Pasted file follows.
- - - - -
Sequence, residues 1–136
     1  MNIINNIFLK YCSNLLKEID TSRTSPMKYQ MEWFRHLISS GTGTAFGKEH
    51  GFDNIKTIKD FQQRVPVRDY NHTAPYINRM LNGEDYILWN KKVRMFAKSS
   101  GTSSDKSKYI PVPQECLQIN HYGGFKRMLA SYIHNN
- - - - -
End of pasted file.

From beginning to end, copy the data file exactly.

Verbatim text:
Sequence, residues 1–136
     1  MNIINNIFLK YCSNLLKEID TSRTSPMKYQ MEWFRHLISS GTGTAFGKEH
    51  GFDNIKTIKD FQQRVPVRDY NHTAPYINRM LNGEDYILWN KKVRMFAKSS
   101  GTSSDKSKYI PVPQECLQIN HYGGFKRMLA SYIHNN